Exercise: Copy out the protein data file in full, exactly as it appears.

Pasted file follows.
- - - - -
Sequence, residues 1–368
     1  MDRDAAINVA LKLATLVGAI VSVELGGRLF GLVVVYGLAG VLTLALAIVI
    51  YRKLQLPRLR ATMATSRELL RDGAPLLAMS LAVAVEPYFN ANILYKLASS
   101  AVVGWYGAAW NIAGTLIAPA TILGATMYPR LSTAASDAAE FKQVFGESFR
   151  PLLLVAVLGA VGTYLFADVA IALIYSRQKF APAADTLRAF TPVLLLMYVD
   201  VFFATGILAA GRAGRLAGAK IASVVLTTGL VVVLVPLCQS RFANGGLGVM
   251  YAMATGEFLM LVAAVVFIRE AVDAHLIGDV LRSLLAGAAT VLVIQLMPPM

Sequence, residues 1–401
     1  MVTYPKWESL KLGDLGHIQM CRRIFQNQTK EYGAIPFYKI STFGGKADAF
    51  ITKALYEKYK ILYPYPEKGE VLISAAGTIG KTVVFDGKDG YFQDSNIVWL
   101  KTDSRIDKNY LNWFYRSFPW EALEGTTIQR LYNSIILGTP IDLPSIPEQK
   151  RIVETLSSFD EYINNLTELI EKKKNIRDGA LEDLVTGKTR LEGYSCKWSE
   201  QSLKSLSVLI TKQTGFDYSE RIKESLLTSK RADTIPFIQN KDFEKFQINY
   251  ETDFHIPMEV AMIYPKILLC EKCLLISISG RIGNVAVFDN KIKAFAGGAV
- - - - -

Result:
Sequence, residues 1–368
     1  MDRDAAINVA LKLATLVGAI VSVELGGRLF GLVVVYGLAG VLTLALAIVI
    51  YRKLQLPRLR ATMATSRELL RDGAPLLAMS LAVAVEPYFN ANILYKLASS
   101  AVVGWYGAAW NIAGTLIAPA TILGATMYPR LSTAASDAAE FKQVFGESFR
   151  PLLLVAVLGA VGTYLFADVA IALIYSRQKF APAADTLRAF TPVLLLMYVD
   201  VFFATGILAA GRAGRLAGAK IASVVLTTGL VVVLVPLCQS RFANGGLGVM
   251  YAMATGEFLM LVAAVVFIRE AVDAHLIGDV LRSLLAGAAT VLVIQLMPPM

Sequence, residues 1–401
     1  MVTYPKWESL KLGDLGHIQM CRRIFQNQTK EYGAIPFYKI STFGGKADAF
    51  ITKALYEKYK ILYPYPEKGE VLISAAGTIG KTVVFDGKDG YFQDSNIVWL
   101  KTDSRIDKNY LNWFYRSFPW EALEGTTIQR LYNSIILGTP IDLPSIPEQK
   151  RIVETLSSFD EYINNLTELI EKKKNIRDGA LEDLVTGKTR LEGYSCKWSE
   201  QSLKSLSVLI TKQTGFDYSE RIKESLLTSK RADTIPFIQN KDFEKFQINY
   251  ETDFHIPMEV AMIYPKILLC EKCLLISISG RIGNVAVFDN KIKAFAGGAV